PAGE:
|Sažetak rada|| |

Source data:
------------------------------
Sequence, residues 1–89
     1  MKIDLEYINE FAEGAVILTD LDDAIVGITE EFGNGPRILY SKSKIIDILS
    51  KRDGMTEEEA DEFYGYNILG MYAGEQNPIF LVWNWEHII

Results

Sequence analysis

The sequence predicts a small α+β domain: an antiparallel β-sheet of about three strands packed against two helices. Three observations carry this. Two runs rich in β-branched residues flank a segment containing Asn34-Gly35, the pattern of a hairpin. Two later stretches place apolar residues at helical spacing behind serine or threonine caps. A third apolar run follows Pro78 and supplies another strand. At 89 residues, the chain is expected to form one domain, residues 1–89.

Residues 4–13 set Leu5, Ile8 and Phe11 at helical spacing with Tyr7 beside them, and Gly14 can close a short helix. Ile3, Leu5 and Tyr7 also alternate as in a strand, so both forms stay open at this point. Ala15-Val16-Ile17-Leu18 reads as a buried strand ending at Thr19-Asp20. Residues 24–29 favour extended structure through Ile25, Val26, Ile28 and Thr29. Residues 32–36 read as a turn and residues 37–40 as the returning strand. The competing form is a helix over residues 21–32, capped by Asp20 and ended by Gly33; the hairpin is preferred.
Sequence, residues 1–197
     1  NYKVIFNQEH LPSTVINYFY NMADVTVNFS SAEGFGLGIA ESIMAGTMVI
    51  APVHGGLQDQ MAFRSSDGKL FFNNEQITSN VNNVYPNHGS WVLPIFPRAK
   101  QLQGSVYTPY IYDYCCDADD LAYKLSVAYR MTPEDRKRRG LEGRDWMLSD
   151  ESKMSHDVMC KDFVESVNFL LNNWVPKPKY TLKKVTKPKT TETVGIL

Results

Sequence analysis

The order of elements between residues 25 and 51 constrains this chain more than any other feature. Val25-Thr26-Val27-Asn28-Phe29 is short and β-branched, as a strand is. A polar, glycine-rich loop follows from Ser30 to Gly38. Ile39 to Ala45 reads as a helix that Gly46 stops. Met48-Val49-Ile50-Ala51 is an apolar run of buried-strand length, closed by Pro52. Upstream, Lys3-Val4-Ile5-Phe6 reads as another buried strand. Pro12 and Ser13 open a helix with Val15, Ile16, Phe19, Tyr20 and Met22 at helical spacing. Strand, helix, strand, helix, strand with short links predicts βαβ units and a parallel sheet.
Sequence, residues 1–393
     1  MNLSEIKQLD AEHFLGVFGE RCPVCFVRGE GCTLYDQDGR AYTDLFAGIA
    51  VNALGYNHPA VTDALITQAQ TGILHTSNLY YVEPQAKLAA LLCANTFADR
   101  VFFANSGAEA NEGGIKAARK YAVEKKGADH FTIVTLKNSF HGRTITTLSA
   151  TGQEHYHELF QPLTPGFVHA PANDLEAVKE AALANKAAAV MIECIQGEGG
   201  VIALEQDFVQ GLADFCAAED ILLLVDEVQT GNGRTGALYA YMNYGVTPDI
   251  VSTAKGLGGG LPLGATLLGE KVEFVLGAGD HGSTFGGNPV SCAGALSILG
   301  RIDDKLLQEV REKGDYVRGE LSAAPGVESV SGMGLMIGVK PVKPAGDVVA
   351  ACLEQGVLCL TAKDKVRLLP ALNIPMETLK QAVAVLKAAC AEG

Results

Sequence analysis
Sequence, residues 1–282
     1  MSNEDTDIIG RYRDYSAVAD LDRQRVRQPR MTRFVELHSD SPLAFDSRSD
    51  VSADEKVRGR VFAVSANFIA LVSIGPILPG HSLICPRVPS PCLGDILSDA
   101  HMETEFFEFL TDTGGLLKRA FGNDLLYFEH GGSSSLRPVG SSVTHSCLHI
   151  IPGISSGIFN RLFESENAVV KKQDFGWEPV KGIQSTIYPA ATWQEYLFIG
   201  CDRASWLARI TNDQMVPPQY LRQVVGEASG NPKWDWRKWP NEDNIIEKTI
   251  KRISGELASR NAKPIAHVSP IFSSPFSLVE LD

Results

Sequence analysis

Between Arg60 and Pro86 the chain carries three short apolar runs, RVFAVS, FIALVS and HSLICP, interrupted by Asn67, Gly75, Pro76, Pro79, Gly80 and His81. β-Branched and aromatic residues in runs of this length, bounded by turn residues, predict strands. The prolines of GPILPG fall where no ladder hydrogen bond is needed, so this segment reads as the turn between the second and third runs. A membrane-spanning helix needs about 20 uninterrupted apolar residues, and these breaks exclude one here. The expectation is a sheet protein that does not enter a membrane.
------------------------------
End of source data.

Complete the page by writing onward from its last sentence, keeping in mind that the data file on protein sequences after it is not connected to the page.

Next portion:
The paper analyzes the novels Four Souls (2004) and The Antelope Wife (1998) by contemporary Native American author Louise Erdrich. Describing unusual love relations, complex family ties, and women who, with their almost magical powers, fight against the white influence and their own people's prejudices, Erdrich provides insight into contemporary Native American identity and contributes to its revitalization. The paper consists of two major parts. The first one analyzes a variety of love relations described in the novel Four Souls. It focuses on Fleur's relationship with her children, Lulu and John James Mauser II, and her husband John James Mauser. It also analyzes Fleur Pillager's identity quest and her recovery from its failure and pays attention to the blurring of the boundary between the mythical and the real, and between the human the animal, visible in Fleur's characterization. The second part explores the concepts of love, family, and women's social roles in The Antelope Wife. It analyzes Rozin's marriage to Richard, Klaus's obsessive love for Sweetheart Calico, and briefly sums up the consequences of a love triangle between Augustus Roy, Mary, and Zosie Shawano, emphasizing the diversity of these love relations and their magical elements. The Antelope Wife introduces many concepts of family and shows that, in situations when an individual needs help, the whole community takes up the family's role. It also depicts cultural intermixture as a positive concept and teaches us that forceful and selfish acts only cause imbalance in the community. This section also discusses strong women characters, who fight for their goals and freedom, that abound in this novel. It analyzes Rozin's decision to get rid of Richard's obsessive love and Cally's connection to her ancestors, especially to Sweetheart Calico, as well as her courage to be a mediator between the past and present. This paper supports the thesis that love relationships in both of the novels are not strictly reserved for a man and a woman, but go beyond this basic concept. It is possible to love a place where one resides, or even have feelings for the non-human beings, too. It argues that in Erdrich's fiction family and community are interchangeable concepts since one can get help not only from the closest family members but also from one's relatives. Thus, the cultural mixture within a family is described as a positive concept in the novel. Lastly, the paper emphasizes the role of Erdrich's women characters – their relevance in the community, their strength in defying authority, as well as their power and responsibility to change the world.